KM Monirul Islam, MD, PhD, Research on Sexually Transmitted Infections

source: aids.gov

Spotlight on Research at COPH – Sexually transmitted infections (STIs) are a major public health problem in Omaha, Nebraska, where STI rates are well above rates elsewhere in Nebraska and nationally. Adolescents and young adults in Omaha have the highest rates. African Americans and other minority groups are disproportionately affected by these diseases.

A team of researchers led by Dr. Monirul Islam recently conducted a study to investigate why Omaha’s STI rates are persistently high. The study, which was supported by funds from the UNMC COPH Dean’s Mentored Research program, had three parts: two focus groups with 14 young adult participants, a 20-minute survey of and urine sample collection from 314 young adults, and a study comparing the characteristics of 39 people with STIs and 78 people without STIs (39 from the community and 39 from the Charles Drew Health Center).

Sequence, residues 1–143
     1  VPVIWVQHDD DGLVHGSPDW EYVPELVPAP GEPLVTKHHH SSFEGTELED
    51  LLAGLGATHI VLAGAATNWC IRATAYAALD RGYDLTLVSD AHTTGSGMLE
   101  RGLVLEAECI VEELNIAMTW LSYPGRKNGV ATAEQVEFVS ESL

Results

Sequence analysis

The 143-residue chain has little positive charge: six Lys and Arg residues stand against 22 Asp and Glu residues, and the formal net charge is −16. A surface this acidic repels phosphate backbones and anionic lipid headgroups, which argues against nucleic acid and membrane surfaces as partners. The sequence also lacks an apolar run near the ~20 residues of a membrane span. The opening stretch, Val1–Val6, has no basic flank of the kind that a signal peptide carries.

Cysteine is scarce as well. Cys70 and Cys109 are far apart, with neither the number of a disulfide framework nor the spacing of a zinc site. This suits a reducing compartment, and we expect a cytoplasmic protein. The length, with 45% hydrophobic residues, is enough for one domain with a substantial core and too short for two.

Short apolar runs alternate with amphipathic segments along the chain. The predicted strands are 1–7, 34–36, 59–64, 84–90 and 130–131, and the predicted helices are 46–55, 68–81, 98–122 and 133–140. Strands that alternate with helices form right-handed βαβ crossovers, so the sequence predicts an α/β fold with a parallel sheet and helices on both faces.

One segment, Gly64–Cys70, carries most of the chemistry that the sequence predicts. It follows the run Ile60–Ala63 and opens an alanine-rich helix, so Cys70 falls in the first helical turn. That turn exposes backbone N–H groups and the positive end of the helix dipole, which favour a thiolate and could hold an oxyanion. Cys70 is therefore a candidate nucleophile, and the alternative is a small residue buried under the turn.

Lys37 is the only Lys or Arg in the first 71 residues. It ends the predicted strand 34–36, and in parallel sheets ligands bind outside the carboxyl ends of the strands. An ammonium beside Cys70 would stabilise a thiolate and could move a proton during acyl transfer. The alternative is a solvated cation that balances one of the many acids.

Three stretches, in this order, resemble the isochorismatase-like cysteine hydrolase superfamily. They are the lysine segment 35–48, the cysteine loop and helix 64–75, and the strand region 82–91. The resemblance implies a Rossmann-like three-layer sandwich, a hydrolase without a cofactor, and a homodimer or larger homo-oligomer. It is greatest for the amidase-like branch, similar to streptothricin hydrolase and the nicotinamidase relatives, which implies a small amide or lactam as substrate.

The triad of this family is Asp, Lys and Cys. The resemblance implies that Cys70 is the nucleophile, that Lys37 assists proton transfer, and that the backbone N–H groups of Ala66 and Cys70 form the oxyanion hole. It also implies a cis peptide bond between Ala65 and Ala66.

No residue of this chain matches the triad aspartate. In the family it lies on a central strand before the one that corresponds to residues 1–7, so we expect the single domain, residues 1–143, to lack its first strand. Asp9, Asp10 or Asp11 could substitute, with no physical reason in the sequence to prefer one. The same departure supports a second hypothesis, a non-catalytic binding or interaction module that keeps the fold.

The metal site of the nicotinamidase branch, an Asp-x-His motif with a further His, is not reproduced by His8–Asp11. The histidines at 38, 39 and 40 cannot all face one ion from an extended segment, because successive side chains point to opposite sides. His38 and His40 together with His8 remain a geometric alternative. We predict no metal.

STI risk factors identified by focus group participants included careless behavior, sex without protection, and lack of communication. Focus group participants said that the main reason that people did not seek treatment for STIs was that they did not know they were infected. Participants also said that a concern about lack of confidentiality was the most important barrier to people getting tested. Participants suggested that opening more testing and treatment sites, testing at community events, and testing people in their homes would help increase the number of people getting tested and treated.

This project established relationships with the community that enhanced the researchers’ understanding of community members’ perception of STIs, identified barriers to testing and treatment, and suggested possible risk factors and solutions. The data collected in this study will contribute to the planning of a larger community-based program addressing the high STI rates.

KM Monirul Islam, MD, PhD, is an assistant professor in the UNMC COPH Department of Epidemiology.